Thesis Abstracts

Abstract PhD Thesis Dr Chris Milson

‘On Translation: Reading, Representation, and the Desire to Know’.

On Translation: Reading, Representation, and the Desire to Know

By Dr Chris Milson

Abstract PhD Thesis Dr Chris Milson

Congratulations to CIRCL PhD student Chris Milson for completing his PhD and viva on 11-03-2016 with his thesis ‘On Translation: Reading, Representation, and the Desire to Know’. Supervisor: Professor Karin Lesnik-Oberstein. Viva external examiner: Dr Hannah Anglin-Jaffe, University of Exeter, internal examiner: Dr Neil Cocks.

Abstract of thesis

This thesis was inspired by conversations with my students, but is the culmination of interests and investments I have had for many years in ideas of representation and the real, knowledge and translation. It considers multiple texts from a myriad of disciplines that make claims as to the untranslatability of certain concepts deemed too real, or too unable to be represented, to be translatable. I offer close readings of these texts, and of texts that make the opposite claim – that such concepts can indeed be translated fully and can therefore be accessible by anyone – to look what is at stake in such assertions.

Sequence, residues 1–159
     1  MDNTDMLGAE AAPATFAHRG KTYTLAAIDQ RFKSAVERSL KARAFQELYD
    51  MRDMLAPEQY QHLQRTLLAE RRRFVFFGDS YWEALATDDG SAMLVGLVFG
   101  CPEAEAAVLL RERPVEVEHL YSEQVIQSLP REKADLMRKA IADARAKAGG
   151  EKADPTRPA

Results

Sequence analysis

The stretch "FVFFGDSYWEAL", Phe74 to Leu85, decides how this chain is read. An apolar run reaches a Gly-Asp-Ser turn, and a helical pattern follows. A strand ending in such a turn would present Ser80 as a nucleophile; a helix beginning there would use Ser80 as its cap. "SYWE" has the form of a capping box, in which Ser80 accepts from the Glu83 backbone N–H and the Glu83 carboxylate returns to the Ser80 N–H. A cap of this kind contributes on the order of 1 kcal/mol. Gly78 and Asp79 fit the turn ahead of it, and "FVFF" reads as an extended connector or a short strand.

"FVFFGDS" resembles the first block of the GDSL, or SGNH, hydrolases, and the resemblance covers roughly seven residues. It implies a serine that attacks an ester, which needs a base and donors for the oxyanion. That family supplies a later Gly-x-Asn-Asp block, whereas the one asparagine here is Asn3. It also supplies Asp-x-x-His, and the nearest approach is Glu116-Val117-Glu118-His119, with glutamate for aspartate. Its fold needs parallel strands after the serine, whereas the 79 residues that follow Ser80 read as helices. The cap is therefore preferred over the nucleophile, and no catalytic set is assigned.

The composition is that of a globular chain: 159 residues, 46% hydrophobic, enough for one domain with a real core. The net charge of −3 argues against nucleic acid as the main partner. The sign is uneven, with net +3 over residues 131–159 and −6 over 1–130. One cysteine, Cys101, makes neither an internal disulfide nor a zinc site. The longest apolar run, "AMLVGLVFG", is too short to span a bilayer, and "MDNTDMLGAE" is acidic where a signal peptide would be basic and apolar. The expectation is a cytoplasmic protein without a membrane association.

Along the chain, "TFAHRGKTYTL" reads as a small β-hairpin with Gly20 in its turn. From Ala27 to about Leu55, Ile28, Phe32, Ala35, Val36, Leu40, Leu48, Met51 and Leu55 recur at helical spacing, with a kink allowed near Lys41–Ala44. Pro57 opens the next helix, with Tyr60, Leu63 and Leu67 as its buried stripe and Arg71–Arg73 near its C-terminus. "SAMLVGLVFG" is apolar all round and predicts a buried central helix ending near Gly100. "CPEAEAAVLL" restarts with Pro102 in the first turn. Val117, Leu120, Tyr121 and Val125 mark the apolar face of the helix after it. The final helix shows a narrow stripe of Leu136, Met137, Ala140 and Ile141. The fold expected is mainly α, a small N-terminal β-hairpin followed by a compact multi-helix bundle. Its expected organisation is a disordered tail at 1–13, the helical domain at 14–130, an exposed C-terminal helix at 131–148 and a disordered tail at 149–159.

My chapters are organised around a selection of the concepts claimed by the texts I offer readings of as being outside of discourse, by dint of their claimed translatability or untranslatability: identity, experience, perception, and the unconscious. In each case the texts I read are from across multiple disciplines, including psychoanalysis, children’s literature, disability theory, and others.

Ultimately, I look at how most of the current debates in academia revolve around an appeal to empathy as a way of avoiding reading. Empathy, as with the conception of translation that many of the texts I read create and operate with, is about a kind of direct access that bypasses the need for reading and interpretation. The desire for knowledge and mastery is therefore enabled in a way that reading disallows, it being based on interpretation and not a so-called direct access to that which is desired to be known.

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